Farm Labor

Farm Labor Survey

The Farm Labor Survey provides the basis for employment and wage estimates for all workers directly hired by U.S. farms and ranches (excluding Alaska) for each of four quarterly reference weeks. The quarterly estimates, in turn, provide the basis for annual average estimates. The National Agricultural Statistics Service publishes quarterly and annual estimates for the United States as a whole, each of 15 multi-state labor regions, and the single-state regions of California, Florida, and Hawaii. NASS conducts the Farm Labor Survey in cooperation with the U.S. Department of Labor.

The target population includes all farms with $1,000 or more in annual sales value.

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Program Content

The Farm Labor Survey collects data on the number of hired workers, hours worked, and total wages by type of worker for each quarterly reference week. Since 2014, the survey collects data for field workers, livestock workers, and supervisors/managers by occupational groups based on the relevant “detailed occupation” categories of the Bureau of Labor Statistics’ applicable Standard Occupational Classification (SOC) system. The survey collects data for other workers by selected SOC-based occupational groups (with most workers falling into a residual “other worker” group). Prior to 2014, the survey collected data according to the FLS aggregate categories of field workers, livestock workers, supervisors/managers, and other workers.


The employment and wage estimates published in the Farm Labor report are used by federal, state, and local government agencies; educational institutions; farm organizations; and private sector employers of farm labor. Some examples:

  • U.S. Department of Labor – The annual weighted average hourly wage rate for field and livestock workers combined is currently used as the Adverse Effect Wage Rate in administration of the H-2A Program. The H-2A Program is the provision under the Immigration Reform and Control Act that allows admission of temporary non-immigrant alien farm workers to perform farm labor or services of a temporary or seasonal nature.
  • USDA – The wage rate data are used to compute a wage rate index, a component of the Parity Index used to compute parity prices of agricultural products. Parity prices are computed as a provision of the Agricultural Adjustment Act as amended.

Data for January and April are collected in April, and data for July and October are collected in October, in all states except California, which collects labor data monthly as part of a state program.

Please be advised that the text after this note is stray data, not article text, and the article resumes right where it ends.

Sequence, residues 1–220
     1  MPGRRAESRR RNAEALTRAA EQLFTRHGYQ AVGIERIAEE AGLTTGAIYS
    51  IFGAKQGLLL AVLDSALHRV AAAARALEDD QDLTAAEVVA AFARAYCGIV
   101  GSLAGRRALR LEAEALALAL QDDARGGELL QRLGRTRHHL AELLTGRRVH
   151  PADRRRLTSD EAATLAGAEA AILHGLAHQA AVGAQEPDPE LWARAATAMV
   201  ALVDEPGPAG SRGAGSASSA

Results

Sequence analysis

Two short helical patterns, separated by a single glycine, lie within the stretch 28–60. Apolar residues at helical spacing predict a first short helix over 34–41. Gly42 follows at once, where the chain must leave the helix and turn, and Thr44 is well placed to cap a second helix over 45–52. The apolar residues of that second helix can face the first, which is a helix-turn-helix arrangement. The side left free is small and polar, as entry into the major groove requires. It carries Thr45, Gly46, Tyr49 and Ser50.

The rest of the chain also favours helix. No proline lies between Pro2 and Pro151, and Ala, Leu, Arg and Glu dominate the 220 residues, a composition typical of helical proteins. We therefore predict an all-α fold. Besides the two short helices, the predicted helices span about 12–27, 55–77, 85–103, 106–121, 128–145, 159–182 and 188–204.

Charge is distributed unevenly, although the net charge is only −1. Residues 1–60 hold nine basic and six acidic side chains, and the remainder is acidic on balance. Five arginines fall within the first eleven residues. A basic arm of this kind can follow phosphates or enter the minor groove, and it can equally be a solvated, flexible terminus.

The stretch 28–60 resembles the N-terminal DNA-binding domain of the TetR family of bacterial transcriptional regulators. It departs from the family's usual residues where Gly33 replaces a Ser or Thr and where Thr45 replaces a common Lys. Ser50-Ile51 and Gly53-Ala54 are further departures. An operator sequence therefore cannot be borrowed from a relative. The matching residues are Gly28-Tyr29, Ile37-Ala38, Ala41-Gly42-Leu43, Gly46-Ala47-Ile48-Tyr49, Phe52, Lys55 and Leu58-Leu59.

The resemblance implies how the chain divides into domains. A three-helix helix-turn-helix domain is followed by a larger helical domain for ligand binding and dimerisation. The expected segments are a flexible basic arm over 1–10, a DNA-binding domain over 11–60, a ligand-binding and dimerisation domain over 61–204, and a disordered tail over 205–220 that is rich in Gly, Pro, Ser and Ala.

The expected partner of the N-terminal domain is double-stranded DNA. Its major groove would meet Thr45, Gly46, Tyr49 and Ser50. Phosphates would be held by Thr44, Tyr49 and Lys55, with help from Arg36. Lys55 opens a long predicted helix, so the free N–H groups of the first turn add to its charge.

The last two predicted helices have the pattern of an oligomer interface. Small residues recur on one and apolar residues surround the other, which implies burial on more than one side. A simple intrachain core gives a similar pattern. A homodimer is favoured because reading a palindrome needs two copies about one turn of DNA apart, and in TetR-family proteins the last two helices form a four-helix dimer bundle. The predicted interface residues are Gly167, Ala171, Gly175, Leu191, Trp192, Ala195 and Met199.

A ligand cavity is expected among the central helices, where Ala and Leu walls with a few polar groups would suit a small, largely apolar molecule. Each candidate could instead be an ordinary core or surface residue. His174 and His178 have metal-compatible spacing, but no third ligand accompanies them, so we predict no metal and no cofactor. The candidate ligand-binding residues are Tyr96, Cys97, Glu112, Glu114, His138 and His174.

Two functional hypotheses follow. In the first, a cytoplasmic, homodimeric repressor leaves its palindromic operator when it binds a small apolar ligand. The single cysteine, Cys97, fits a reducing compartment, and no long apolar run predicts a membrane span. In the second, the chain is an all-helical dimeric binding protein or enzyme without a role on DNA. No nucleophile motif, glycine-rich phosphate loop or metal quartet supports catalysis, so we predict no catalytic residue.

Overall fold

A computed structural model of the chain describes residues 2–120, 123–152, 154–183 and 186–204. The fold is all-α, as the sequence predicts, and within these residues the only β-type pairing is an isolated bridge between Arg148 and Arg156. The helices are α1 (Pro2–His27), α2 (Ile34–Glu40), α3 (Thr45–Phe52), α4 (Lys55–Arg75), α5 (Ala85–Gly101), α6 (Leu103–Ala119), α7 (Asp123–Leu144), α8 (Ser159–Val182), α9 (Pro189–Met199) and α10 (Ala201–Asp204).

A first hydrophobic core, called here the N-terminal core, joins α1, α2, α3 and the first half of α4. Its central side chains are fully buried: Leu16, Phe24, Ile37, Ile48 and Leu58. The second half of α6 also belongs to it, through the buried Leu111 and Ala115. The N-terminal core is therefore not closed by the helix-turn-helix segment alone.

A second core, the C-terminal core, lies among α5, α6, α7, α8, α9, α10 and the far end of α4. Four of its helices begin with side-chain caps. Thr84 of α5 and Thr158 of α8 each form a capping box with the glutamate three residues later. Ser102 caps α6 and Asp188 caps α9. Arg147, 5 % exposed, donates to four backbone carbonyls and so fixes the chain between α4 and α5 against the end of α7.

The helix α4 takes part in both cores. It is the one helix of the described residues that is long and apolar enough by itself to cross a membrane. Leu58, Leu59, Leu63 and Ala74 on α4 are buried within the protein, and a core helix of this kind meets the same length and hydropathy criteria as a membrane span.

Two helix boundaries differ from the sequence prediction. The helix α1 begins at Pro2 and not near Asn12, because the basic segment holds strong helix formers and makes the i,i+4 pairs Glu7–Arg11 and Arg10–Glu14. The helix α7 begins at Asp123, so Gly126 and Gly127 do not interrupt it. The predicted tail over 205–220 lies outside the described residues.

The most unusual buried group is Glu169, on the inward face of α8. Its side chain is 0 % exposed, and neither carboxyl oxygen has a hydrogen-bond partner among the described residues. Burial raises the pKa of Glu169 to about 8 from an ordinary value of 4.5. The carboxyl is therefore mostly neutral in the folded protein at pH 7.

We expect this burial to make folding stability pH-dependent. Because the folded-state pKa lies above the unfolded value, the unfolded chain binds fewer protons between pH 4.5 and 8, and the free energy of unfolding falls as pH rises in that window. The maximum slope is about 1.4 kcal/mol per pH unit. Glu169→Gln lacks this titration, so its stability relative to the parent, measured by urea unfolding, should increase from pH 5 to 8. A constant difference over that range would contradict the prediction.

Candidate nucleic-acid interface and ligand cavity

The Farm Labor Survey utilizes a dual frame sample design, including both list frame and area frame components, to ensure coverage of the target population. Beginning in year 2019, the combined sample size of approximately 13,000 units was increased to approximately 35,000 units, in order to support program expansion.

Data are collected primarily by mail and computer-assisted telephone interviews from NASS Data Collection Centers for all states except California. Where necessary, procedures were amended to accommodate year 2020 social distancing recommendations.

In California, NASS conducts data collection in cooperation with the California Employment Development Department (EDD), which collects labor data monthly using EDD-specific instruments and follow-up procedures similar to NASS procedures. California EDD publishes monthly state farm labor estimates.

For more information, see the “Farm Labor Methodology and Quality Measures” publications.

Linking the Farm Labor Survey to the 2018 Standard Occupational Classification System

Federal statistical agencies use the Bureau of Labor Statistics’ Standard Occupational Classification (SOC) system to classify workers into occupational categories for the purpose of collecting, calculating, or disseminating data. The Farm Labor Survey (FLS) to SOC Crosswalk defines the FLS worker groups in terms of SOC worker categories.

  • The Crosswalk assigns relevant SOC detailed occupations and major groups to the broader FLS categories (field workers, livestock workers, supervisors/managers, and other workers). Most SOC detailed occupations, and all SOC major groups, included in the FLS other workers category are provided for informational purposes; they are not used in data collection.
  • The term “part” on the Crosswalk is used where only a portion of the listed SOC occupation applies to the FLS occupation. In these cases, an FLS subdivision is listed and defined.
Related Programs

June Area

Last Modified: 12/10/2020